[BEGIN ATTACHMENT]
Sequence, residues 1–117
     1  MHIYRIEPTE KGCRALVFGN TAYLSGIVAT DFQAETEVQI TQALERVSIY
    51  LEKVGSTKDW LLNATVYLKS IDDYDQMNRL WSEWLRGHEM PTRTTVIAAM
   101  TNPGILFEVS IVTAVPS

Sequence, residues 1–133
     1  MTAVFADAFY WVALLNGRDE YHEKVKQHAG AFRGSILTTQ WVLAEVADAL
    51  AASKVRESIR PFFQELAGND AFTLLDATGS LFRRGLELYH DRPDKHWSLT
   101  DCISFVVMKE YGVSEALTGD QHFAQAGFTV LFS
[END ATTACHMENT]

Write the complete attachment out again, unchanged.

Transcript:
Sequence, residues 1–117
     1  MHIYRIEPTE KGCRALVFGN TAYLSGIVAT DFQAETEVQI TQALERVSIY
    51  LEKVGSTKDW LLNATVYLKS IDDYDQMNRL WSEWLRGHEM PTRTTVIAAM
   101  TNPGILFEVS IVTAVPS

Sequence, residues 1–133
     1  MTAVFADAFY WVALLNGRDE YHEKVKQHAG AFRGSILTTQ WVLAEVADAL
    51  AASKVRESIR PFFQELAGND AFTLLDATGS LFRRGLELYH DRPDKHWSLT
   101  DCISFVVMKE YGVSEALTGD QHFAQAGFTV LFS